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Virtualization. … from a reliability perspective. Credits. Some slides from E6998 - Virtual Machines Lecture 2 CPU Virtualization Scott Devine VMware, Inc. Agenda. What is it? Overview Classifications Virtualization of CPU Virtualization to improve reliability

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  1. Virtualization … from a reliability perspective Henrik Bærbak Christensen

  2. Credits • Some slides from • E6998 - Virtual MachinesLecture 2CPU Virtualization • Scott Devine • VMware, Inc. Henrik Bærbak Christensen

  3. Agenda • What is it? • Overview • Classifications • Virtualization of CPU • Virtualization to improve reliability • Fault Detection and Removal • Configuration Testing • Distribution Testing • Record-n-Playback • Fault Tolerance • Recovery by snapshots • Lock-step execution Henrik Bærbak Christensen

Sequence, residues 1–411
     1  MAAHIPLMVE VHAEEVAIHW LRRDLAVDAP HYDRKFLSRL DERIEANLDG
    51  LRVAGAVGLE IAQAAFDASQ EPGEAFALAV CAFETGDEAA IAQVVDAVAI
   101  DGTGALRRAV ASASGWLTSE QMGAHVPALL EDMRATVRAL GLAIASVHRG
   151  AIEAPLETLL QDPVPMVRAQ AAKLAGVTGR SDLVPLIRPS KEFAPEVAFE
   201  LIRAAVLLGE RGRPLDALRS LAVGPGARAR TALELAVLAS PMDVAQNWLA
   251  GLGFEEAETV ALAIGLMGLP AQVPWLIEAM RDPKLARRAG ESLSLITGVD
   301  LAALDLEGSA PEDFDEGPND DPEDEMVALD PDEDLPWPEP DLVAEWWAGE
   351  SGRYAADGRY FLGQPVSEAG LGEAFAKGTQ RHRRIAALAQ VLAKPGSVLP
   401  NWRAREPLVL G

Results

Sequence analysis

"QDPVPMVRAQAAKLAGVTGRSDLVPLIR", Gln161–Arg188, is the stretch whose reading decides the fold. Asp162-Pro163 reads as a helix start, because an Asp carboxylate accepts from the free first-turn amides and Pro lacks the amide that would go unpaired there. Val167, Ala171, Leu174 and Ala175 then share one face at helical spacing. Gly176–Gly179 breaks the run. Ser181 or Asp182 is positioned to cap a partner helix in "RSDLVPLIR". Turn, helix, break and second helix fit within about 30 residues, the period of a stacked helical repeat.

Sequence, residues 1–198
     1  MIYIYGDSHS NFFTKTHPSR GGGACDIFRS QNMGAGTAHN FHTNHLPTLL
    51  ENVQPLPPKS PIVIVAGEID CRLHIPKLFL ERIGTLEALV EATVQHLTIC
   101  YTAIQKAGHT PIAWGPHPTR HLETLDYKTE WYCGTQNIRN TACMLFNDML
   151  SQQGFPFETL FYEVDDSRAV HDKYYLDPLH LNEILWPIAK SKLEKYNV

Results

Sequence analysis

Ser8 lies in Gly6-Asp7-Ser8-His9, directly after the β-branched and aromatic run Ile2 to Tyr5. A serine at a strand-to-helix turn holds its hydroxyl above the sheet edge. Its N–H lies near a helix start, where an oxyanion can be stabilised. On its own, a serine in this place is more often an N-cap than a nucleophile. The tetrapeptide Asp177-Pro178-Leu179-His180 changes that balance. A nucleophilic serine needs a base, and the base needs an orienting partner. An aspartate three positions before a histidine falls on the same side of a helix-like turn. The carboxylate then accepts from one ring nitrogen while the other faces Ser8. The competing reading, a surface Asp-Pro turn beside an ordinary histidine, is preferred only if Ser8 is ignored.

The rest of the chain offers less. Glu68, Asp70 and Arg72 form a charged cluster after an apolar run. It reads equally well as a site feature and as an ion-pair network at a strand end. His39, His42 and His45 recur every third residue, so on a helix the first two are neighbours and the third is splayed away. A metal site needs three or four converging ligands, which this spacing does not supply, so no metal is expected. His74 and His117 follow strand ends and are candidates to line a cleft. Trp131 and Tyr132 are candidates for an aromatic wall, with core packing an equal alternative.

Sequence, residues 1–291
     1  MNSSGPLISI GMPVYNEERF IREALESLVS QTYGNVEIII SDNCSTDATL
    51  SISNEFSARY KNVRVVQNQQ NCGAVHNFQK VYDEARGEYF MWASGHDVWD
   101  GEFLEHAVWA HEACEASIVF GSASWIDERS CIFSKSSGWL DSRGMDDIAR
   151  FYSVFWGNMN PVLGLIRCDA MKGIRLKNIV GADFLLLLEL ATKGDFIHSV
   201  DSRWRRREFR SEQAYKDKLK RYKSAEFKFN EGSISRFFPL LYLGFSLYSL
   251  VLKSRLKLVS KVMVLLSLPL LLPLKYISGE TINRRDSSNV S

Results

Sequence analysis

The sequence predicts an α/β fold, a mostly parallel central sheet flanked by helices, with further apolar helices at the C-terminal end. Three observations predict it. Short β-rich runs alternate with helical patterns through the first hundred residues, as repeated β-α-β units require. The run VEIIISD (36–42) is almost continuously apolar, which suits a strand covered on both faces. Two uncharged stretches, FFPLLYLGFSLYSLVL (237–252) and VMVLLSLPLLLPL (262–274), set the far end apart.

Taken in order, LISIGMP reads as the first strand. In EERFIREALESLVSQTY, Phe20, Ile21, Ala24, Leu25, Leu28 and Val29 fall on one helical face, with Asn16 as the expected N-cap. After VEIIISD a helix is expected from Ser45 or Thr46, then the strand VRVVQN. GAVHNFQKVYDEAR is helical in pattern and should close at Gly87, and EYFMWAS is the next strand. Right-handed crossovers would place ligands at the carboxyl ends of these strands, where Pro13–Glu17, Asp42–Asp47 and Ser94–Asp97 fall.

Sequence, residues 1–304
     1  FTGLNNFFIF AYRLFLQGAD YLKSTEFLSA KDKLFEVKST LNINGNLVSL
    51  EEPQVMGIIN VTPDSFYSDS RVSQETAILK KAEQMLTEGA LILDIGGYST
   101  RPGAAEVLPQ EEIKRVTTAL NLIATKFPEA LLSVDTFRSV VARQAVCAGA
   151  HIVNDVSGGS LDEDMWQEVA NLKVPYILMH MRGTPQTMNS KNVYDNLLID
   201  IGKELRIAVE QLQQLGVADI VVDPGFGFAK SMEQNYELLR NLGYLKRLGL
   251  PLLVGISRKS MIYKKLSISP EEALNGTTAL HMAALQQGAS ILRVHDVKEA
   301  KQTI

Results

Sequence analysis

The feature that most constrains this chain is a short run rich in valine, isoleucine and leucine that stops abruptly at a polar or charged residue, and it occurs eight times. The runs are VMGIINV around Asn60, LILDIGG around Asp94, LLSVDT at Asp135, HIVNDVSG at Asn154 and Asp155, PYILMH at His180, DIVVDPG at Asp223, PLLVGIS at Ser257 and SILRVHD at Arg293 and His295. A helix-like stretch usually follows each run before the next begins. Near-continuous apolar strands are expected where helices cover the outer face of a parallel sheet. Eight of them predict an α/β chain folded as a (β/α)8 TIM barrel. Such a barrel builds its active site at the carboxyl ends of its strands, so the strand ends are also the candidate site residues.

4. Classes of Virtualization Henrik Bærbak Christensen

  5. What is it? • vir•tu•al (adj): • existing in essence or effect, though not in actual fact • Example • ScummVM is a program which allows you to run certain classic graphical point-and-click adventure games, provided you already have their data files. The clever part about this: ScummVM just replaces the executables shipped with the games, allowing you to play them on systems for which they were never designed! Henrik Bærbak Christensen

  6. Hardware Processors, devices, memory, etc. Software Built to the given hardware (Instruction Set Architecture, e.g. x86) Built to given OS (App. Programming Interface, e.g. Win XP) OS controls hardware A Physical Machine Henrik Bærbak Christensen

  7. Hardware Abstraction Virtual processor, memory, devices, etc. Virtualization Software Indirection: Decouple hardware and OS Multiplex physical hardware across guest VMs A Virtual Machine Henrik Bærbak Christensen